Historic Properties of Spokane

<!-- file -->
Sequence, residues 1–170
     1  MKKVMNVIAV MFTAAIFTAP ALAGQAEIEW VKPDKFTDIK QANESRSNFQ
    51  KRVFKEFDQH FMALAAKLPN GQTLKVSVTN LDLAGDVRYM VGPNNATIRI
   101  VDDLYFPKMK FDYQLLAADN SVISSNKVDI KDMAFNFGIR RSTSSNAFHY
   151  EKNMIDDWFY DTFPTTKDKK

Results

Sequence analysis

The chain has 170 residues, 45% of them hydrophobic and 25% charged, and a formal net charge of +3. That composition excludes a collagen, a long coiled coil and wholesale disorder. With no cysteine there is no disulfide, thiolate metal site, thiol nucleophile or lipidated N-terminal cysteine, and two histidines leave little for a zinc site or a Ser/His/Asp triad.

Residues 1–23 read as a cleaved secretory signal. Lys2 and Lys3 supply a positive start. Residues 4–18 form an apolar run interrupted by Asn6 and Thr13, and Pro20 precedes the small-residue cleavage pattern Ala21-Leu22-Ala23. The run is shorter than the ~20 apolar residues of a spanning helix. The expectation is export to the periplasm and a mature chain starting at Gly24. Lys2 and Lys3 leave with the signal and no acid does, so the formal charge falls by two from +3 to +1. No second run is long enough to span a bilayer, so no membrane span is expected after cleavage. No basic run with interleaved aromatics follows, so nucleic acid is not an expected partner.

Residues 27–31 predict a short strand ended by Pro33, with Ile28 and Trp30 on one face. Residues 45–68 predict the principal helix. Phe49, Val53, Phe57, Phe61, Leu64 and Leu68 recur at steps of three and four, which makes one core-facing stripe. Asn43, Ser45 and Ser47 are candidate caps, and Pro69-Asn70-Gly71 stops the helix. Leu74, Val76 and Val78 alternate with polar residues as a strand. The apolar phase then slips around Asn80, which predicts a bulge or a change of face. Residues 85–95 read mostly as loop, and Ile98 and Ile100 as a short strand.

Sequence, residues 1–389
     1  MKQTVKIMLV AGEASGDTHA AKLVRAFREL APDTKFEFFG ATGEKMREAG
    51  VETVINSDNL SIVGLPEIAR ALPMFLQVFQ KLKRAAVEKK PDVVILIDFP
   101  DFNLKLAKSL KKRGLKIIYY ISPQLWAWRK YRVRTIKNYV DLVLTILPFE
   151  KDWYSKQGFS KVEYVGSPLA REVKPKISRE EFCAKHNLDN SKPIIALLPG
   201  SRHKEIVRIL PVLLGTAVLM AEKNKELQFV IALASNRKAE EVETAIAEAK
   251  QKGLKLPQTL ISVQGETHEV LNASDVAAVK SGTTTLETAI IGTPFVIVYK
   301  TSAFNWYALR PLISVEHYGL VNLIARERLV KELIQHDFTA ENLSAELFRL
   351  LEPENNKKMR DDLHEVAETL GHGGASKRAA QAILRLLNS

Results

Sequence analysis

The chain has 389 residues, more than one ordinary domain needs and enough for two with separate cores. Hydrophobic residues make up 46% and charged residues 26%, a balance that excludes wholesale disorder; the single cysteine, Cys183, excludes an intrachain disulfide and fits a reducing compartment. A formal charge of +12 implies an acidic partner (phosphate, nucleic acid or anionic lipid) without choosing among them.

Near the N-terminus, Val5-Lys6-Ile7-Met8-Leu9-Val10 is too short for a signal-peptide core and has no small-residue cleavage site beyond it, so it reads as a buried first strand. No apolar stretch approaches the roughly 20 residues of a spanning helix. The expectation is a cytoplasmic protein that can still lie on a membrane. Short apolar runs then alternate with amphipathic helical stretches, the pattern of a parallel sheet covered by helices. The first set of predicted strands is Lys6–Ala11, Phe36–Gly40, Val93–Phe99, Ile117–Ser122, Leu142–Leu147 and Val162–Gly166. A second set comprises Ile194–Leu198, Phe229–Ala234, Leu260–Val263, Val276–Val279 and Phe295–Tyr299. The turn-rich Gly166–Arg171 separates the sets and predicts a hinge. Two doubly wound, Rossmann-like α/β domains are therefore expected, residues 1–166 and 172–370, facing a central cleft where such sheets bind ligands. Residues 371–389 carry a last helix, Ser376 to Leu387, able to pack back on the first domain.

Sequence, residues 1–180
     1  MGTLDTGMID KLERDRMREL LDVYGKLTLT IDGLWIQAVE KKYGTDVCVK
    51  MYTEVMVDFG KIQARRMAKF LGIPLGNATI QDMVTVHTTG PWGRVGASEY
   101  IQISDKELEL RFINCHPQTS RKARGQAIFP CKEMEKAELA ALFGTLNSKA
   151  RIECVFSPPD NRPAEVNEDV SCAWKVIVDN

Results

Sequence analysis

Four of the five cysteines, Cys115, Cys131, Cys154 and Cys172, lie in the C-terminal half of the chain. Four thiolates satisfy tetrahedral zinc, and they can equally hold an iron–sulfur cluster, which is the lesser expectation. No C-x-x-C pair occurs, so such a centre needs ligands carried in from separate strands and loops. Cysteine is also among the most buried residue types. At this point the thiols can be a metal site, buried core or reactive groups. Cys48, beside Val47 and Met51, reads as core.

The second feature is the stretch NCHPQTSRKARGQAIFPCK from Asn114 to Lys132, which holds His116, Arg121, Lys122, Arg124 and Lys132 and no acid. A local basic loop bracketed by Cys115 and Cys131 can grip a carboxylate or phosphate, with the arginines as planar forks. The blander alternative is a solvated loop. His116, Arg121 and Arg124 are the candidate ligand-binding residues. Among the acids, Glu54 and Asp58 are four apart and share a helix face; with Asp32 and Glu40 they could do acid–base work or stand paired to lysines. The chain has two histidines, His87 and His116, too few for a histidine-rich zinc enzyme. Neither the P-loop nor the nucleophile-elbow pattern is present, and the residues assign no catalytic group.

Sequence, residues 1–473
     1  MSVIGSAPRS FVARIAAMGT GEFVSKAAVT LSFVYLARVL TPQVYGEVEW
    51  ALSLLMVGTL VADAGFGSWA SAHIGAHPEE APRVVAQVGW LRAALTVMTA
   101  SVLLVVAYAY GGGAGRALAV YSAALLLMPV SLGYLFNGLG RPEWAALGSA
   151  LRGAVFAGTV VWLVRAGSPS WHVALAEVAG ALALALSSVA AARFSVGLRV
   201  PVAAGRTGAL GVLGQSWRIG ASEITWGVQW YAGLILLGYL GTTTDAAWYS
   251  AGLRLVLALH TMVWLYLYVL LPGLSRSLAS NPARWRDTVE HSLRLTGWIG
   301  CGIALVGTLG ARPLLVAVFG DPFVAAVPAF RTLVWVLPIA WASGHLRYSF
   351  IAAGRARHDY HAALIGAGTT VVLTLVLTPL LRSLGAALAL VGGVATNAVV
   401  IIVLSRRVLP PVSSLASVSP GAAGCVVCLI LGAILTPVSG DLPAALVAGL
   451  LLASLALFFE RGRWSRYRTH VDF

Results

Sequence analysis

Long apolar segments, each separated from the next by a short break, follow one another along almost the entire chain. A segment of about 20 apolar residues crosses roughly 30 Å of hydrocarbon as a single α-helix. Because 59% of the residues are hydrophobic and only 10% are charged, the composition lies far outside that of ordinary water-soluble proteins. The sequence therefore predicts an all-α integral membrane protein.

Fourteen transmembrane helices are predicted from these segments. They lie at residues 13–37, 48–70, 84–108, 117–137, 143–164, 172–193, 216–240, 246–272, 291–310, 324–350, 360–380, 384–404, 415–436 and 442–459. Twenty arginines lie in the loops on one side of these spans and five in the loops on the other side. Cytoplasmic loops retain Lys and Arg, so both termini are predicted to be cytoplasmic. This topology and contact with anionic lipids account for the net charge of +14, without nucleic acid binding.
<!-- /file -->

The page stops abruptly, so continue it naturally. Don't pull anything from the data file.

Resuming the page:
The Natatorium Carousel is a product of a lost craft and is representative of one of the few arts intended solely to amuse. Charles I. D. Looff, a renowned carousel artist, designed the "merry-go-round" in 1909 and it has been operating in Spokane ever since. The gilded and elaborately carved carousel, adorned with leaping horses and jungle animals, is said to be the last operating carousel designed by Looff. While most of Looff's horses were gentle, jolly creatures, those of the Spokane carousel are dashing fiery steeds that appear to race around the room. Each animal has details that proclaim its individuality and they are decorated with brightly colored flowers, parrots, cupids, gamebirds, bedrolls and clusters of fruit. The carousel was first located at the famed Natatorium Park, an amusement park on the Spokane River developed by Washington Water Power in 1893 and since converted to a trailer park. In 1975 it moved to Riverfront Park which was created in conjunction with Expo ’74, the World’s Fair hosted by Spokane in 1974. The carousel was a wedding gift to Looff’s daughter, Emma Vogel, and her husband, Louis Vogel, a Spokane banker and longtime owner of Natatorium Park. The carousel is the last remnant of the popular park and a fixture at the present park downtown.